...one of the most highly
regarded and expertly designed C++ library projects in the
world.

— Herb Sutter and Andrei
Alexandrescu, C++
Coding Standards

template<typename Geometry, typename Distance> void simplify(Geometry const & geometry, Geometry & out, Distance const & max_distance)

Type |
Concept |
Name |
Description |
---|---|---|---|

Geometry const & |
Any type fulfilling a Geometry Concept |
geometry |
input geometry, to be simplified |

Geometry & |
Any type fulfilling a Geometry Concept |
out |
output geometry, simplified version of the input geometry |

Distance const & |
numerical type (int, double, ttmath, ...) |
max_distance |
distance (in units of input coordinates) of a vertex to other segments to be removed |

Either

`#include <boost/geometry.hpp>`

Or

`#include <boost/geometry/algorithms/simplify.hpp>`

The function simplify is not defined by OGC.

Note | |
---|---|

PostGIS contains an algorithm with the same name and the same functionality. See the PostGIS documentation. |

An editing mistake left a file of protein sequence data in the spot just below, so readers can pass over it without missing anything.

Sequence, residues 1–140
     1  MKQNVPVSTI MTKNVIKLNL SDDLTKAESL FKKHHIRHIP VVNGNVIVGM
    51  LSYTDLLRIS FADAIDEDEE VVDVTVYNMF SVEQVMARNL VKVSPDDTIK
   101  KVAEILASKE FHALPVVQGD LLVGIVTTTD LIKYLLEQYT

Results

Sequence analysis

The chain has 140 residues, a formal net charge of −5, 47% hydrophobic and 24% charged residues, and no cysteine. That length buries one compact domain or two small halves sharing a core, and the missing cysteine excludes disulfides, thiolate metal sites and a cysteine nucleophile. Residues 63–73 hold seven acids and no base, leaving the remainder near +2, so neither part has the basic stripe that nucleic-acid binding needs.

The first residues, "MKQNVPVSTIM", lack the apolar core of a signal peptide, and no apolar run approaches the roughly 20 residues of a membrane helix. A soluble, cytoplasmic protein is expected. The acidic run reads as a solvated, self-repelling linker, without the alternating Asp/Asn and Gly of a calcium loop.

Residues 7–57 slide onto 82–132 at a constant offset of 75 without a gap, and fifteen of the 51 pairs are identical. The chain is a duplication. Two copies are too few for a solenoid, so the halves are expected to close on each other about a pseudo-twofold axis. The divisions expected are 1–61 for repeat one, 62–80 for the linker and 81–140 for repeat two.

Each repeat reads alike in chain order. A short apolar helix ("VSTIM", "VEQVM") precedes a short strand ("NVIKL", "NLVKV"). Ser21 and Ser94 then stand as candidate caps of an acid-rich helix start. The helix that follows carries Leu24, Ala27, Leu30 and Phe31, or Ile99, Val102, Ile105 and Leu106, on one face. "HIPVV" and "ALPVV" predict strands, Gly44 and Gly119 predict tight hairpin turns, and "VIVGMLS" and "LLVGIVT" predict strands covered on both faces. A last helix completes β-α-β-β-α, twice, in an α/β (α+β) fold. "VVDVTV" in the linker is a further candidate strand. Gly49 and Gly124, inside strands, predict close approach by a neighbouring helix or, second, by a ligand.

Note | |
---|---|

SQL Server contains an algorithm Reduce() with the same functionality. See the MSDN documentation. |

Simplification is done using Douglas-Peucker (if the default strategy is used).

Note | |
---|---|

Geometries might become invalid by using simplify. The simplification process might create self-intersections. |

Example showing how to simplify a linestring

#include <iostream> #include <boost/geometry.hpp> #include <boost/geometry/geometries/linestring.hpp> #include <boost/geometry/geometries/point_xy.hpp> #include <boost/assign.hpp> using namespace boost::assign; int main() { typedef boost::geometry::model::d2::point_xy<double> xy; boost::geometry::model::linestring<xy> line; line += xy(1.1, 1.1), xy(2.5, 2.1), xy(3.1, 3.1), xy(4.9, 1.1), xy(3.1, 1.9); // Simplify it, using distance of 0.5 units boost::geometry::model::linestring<xy> simplified; boost::geometry::simplify(line, simplified, 0.5); std::cout << " original: " << boost::geometry::dsv(line) << std::endl << "simplified: " << boost::geometry::dsv(simplified) << std::endl; return 0; }

Output:

original: ((1.1, 1.1), (2.5, 2.1), (3.1, 3.1), (4.9, 1.1), (3.1, 1.9)) simplified: ((1.1, 1.1), (3.1, 3.1), (4.9, 1.1), (3.1, 1.9))